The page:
Apr 17, 2014
I love’m plants

I love’m plants

(Source: whoisjamiejones)

Apr 17, 2014

Crazy in love with my robe de cocktail fushia

A pleasant cocktail dress is one that you can wear out to a dinner date or to a semi formal event, but wherever you use it, it has to look good on your body. Cocktail dresses come in many styles and it is imperative that you find the one that best fits your shape. A cocktail dress that fits well creates an hourglass silhouette on your body and assists to evenly balance out your body’s proportions.

You will find five fundamental body shapes and you need to consider yours when picking out a cocktail dress.

An hour glass silhouette gives the semblance of balance between your hips and also your bust, using a waistline which looks as though it has been taken in to give shape for your body. Regardless of the form of the human body, a dress that suits it well and enables you to seem amazing will cause you to feel as good as you seem.

Apple Shaped - Women with an apple shaped body have less defined waistlines and they could have slightly more weight around their middles. Many women with this shape also have a fuller chest. The dress you select should give your body a streamlined look, so you must avoid dresses that are loose fitting or seem to haven’t any shape.

Pear Shaped - A woman that has a bigger chest and smaller hips has a pear shaped body. You must look into a robe de cocktail fushia that draws the eye away from your hips and towards your absolute best asset, your upper body. A halter neckline or strapless dress operates well for women with this body type.

Athletic - Slender, athletic body shapes don’t have curves to hide as they seem to be straight up and down The dress you select should give you the illusion of curves by utilizing an empire waist, ruffles at the top or a peplum dress operates well too.

Upside Down Triangle - This shape features broader shoulders or a more substantial bust and smaller hips. You desire the eye to be brought to your waist or hips, maybe not your upper body. Dresses with v-necks, love necklines or spaghetti straps operate very well along with your body shape.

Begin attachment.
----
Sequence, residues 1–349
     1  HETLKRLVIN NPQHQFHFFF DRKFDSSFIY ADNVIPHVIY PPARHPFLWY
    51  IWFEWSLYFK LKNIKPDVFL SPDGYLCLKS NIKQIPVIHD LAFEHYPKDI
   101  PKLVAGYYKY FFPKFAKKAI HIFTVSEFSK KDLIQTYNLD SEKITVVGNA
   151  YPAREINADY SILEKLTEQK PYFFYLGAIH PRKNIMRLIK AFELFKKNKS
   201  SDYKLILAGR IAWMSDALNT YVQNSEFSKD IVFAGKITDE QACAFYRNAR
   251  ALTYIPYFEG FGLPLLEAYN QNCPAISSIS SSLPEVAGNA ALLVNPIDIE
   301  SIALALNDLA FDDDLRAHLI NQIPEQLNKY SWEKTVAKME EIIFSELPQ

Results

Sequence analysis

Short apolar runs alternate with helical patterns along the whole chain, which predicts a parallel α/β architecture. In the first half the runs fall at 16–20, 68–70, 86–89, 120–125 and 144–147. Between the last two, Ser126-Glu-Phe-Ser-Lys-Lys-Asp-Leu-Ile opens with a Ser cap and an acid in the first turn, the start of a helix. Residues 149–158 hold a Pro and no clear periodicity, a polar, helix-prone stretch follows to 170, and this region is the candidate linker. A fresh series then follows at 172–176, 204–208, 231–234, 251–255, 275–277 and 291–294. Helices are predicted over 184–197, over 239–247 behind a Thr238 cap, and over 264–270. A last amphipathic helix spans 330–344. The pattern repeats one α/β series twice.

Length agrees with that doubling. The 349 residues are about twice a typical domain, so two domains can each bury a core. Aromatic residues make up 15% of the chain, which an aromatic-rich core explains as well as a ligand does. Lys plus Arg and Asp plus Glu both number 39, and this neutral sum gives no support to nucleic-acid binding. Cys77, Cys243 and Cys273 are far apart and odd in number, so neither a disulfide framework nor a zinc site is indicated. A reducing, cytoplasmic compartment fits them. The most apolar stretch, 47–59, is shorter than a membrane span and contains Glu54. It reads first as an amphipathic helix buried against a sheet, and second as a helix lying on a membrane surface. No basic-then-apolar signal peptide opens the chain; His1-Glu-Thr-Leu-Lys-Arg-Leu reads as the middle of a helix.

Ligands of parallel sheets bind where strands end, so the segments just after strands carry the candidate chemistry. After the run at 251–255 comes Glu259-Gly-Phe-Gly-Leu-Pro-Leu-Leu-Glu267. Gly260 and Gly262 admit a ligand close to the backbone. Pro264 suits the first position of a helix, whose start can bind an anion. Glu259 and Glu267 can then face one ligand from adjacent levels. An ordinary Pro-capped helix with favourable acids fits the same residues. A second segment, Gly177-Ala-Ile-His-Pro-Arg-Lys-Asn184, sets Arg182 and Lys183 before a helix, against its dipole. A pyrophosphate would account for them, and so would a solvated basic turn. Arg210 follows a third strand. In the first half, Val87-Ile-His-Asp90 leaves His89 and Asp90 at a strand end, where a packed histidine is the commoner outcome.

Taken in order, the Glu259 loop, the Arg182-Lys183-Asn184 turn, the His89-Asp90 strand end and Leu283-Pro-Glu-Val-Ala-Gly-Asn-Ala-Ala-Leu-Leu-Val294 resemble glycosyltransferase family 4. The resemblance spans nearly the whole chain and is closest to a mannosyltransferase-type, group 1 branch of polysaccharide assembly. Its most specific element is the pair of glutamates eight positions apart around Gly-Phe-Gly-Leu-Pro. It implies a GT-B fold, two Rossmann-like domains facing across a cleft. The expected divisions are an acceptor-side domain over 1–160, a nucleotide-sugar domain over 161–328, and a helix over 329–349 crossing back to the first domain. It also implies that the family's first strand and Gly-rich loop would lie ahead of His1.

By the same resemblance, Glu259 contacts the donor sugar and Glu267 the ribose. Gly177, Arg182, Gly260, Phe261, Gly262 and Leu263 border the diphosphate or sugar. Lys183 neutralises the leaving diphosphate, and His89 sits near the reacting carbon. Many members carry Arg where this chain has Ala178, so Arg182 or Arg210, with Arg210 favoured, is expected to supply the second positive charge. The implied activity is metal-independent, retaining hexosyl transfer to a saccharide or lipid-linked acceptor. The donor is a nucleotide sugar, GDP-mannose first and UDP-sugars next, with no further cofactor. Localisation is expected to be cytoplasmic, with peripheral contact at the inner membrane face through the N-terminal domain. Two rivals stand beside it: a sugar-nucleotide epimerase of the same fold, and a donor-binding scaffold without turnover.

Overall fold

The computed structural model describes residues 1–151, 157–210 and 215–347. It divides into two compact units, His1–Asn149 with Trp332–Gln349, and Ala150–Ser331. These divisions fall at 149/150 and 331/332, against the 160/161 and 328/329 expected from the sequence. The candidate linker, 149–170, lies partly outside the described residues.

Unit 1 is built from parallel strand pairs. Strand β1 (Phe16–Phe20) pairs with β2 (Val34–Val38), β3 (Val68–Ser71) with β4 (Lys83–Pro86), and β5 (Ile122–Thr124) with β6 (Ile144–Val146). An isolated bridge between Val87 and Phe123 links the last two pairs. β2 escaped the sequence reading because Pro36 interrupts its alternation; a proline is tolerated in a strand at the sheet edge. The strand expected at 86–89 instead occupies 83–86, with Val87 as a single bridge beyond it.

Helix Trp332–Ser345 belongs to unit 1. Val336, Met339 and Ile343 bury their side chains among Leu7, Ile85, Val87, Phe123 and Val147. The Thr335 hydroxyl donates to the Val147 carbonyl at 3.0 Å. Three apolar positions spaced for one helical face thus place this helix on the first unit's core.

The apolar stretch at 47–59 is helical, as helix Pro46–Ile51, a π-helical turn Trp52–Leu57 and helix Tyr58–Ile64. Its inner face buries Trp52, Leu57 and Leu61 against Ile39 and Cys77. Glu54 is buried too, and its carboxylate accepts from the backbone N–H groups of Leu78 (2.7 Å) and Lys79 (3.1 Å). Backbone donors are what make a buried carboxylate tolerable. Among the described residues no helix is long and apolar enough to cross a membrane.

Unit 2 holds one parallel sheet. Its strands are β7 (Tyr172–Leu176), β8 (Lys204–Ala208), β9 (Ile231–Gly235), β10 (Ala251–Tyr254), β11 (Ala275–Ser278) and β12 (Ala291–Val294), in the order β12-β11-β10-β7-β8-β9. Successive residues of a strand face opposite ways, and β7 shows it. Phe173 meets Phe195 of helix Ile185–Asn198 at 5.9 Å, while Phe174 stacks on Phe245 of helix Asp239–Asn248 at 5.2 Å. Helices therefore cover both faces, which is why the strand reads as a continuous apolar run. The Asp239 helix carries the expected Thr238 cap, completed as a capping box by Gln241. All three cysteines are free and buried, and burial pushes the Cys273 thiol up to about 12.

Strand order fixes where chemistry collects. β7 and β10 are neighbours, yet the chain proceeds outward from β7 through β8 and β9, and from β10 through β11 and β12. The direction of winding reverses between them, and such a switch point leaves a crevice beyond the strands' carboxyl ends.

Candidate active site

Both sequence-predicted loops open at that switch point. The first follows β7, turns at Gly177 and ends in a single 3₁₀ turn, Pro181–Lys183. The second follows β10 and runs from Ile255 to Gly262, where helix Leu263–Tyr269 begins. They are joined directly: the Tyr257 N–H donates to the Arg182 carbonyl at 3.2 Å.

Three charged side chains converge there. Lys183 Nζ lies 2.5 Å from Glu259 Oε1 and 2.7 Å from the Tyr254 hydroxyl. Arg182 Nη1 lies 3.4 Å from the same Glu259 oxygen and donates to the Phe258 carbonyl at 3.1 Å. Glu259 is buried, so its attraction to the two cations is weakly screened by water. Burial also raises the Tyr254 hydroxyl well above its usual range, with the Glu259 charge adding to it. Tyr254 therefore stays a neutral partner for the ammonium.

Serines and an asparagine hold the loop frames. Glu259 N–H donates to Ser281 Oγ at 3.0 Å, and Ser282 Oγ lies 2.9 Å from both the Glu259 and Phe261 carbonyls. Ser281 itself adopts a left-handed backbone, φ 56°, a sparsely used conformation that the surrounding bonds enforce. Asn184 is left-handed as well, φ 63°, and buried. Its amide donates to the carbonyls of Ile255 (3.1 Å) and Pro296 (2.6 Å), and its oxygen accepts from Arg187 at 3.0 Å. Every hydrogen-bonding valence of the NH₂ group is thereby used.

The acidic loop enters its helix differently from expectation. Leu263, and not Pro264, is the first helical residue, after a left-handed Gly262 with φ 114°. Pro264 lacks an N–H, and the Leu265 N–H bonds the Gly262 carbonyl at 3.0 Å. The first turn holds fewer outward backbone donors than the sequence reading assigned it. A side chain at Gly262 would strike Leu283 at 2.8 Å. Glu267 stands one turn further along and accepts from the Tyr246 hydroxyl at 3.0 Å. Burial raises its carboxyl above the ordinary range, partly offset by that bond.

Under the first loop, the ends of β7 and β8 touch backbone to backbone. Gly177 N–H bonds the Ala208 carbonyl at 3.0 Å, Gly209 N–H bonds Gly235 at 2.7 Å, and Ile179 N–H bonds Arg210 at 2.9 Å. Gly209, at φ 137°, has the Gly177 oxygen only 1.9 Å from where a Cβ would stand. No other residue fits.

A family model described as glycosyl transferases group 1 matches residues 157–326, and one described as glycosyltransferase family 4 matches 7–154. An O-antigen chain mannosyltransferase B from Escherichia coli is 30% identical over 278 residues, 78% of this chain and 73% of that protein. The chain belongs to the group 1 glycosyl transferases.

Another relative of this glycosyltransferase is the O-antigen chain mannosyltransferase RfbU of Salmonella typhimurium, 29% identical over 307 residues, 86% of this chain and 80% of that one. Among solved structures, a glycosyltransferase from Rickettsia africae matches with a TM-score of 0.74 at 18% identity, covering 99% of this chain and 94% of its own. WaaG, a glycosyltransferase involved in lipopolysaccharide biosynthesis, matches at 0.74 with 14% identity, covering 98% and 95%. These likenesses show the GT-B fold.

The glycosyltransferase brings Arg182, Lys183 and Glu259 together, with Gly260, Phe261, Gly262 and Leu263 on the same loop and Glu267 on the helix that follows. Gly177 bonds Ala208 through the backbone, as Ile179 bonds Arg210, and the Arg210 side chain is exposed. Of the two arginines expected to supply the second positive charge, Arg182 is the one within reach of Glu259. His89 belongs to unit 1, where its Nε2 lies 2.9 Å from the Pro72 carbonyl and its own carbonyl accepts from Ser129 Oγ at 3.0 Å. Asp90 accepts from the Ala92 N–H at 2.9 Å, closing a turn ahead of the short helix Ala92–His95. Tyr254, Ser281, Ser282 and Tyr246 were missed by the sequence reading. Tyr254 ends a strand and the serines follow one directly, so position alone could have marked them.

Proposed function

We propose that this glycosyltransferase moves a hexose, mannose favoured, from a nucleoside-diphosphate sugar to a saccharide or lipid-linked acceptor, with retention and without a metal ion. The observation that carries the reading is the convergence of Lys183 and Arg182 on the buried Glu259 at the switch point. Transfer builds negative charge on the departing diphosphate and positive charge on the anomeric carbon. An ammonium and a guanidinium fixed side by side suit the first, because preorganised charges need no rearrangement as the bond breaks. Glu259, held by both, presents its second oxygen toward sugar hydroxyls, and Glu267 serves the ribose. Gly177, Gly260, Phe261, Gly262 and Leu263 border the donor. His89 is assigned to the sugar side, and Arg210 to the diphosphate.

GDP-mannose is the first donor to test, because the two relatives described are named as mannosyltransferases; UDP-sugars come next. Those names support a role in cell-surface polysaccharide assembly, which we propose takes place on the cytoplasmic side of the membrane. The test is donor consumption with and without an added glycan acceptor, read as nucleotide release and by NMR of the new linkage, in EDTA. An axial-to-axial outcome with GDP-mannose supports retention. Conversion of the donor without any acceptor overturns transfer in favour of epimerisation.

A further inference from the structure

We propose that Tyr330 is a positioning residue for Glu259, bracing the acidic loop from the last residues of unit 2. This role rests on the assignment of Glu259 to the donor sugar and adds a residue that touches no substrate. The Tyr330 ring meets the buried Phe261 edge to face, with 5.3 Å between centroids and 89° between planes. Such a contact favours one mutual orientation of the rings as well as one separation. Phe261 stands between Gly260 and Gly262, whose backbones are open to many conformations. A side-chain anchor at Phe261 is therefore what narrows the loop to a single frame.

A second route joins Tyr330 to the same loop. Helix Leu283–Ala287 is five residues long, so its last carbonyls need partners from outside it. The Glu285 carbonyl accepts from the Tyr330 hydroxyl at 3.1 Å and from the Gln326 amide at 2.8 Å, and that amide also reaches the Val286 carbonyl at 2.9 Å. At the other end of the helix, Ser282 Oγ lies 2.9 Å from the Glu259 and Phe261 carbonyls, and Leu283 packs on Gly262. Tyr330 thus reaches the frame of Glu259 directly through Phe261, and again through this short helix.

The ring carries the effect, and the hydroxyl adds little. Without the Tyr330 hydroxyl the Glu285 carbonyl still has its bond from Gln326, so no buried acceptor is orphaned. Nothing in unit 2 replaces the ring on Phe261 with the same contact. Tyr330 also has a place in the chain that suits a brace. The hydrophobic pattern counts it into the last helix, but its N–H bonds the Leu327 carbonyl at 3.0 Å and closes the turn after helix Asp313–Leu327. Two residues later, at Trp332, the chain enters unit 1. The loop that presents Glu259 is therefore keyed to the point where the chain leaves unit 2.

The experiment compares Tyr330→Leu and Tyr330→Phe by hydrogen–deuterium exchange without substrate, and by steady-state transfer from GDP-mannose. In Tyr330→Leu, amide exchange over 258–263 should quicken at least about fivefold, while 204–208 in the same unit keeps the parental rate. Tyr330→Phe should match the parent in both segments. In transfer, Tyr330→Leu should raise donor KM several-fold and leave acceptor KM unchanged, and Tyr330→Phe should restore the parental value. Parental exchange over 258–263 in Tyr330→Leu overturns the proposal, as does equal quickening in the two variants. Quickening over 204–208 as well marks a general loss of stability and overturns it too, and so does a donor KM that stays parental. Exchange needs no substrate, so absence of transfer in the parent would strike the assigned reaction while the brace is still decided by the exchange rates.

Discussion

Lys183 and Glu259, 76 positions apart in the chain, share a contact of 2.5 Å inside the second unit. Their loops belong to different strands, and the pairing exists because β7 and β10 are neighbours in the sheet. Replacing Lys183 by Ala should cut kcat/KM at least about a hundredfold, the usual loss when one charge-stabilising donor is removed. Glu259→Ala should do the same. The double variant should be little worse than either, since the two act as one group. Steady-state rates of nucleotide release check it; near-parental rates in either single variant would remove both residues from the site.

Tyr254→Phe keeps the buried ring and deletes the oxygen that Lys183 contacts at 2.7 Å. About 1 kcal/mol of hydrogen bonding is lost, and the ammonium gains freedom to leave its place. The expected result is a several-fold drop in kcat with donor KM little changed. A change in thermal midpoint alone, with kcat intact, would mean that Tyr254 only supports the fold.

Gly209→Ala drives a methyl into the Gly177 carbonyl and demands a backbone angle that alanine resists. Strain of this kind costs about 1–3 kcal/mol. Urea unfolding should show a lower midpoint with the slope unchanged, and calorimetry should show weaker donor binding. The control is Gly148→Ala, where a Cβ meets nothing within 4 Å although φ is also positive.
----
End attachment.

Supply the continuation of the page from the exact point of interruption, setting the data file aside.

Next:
Apr 17, 2014
Lovely secrets…

Lovely secrets…

(Source: brunomax-photography)

Apr 8, 2014

(Source: mainstreetinternet)

Apr 8, 2014
rhamphotheca:

Dingoes Aren’t Just Wild Dogs
Rather than being the descendants of feral mutts, dingoes are actually in their own unique taxonomical corner
by Rachel Nuwer
Dingoes might look like your run-of-the-mill mongrel pooch, and for years, researchers assumed the dingo’s ancestors were domesticated dogs from East Asia that subsequently went wild. But it turns out that dingoes are more unique than that. They are not only a distinct species, but also a distinct group of predators, separate from dogs and wolves, The Scientist reports.
Dingoes arrived in Australia several thousands years ago, and they were first mentioned as a species in 1793. At that time, they were called Canis dingo. However, their official name was soon changed to Canis lupus dingo, on the assumption that dingoes were, in fact, a subspecies of wolf and within the same evolutionary clade as domestic dogs.
In a new study, researchers challenged that assumption. They examined 69 dingo skulls that dated back to 1900 or earlier—presumably before dingoes would have encountered and interbred with domesticated dogs, which only arrived in Australia when Europeans did. Dingoes, the researchers found, have anatomical features that set them apart from dogs and wolves, including a wider head and longer snout, The Scientist writes. The team also found that dingoes don’t necessarily have to be tan-colored; they can be black, white or dark brown, too…
(read more: http://www.smithsonianmag.com/smart-news/dingoes-arent-just-wild-dogs-180950384/?utm_source=facebook.com&no-ist)
photo: PartnerHund

rhamphotheca:

Dingoes Aren’t Just Wild Dogs

Rather than being the descendants of feral mutts, dingoes are actually in their own unique taxonomical corner

by Rachel Nuwer

Dingoes might look like your run-of-the-mill mongrel pooch, and for years, researchers assumed the dingo’s ancestors were domesticated dogs from East Asia that subsequently went wild. But it turns out that dingoes are more unique than that. They are not only a distinct species, but also a distinct group of predators, separate from dogs and wolves, The Scientist reports.

Dingoes arrived in Australia several thousands years ago, and they were first mentioned as a species in 1793. At that time, they were called Canis dingo. However, their official name was soon changed to Canis lupus dingo, on the assumption that dingoes were, in fact, a subspecies of wolf and within the same evolutionary clade as domestic dogs.

In a new study, researchers challenged that assumption. They examined 69 dingo skulls that dated back to 1900 or earlier—presumably before dingoes would have encountered and interbred with domesticated dogs, which only arrived in Australia when Europeans did. Dingoes, the researchers found, have anatomical features that set them apart from dogs and wolves, including a wider head and longer snout, The Scientist writes. The team also found that dingoes don’t necessarily have to be tan-colored; they can be black, white or dark brown, too…

(read more: http://www.smithsonianmag.com/smart-news/dingoes-arent-just-wild-dogs-180950384/?utm_source=facebook.com&no-ist)

photo: PartnerHund

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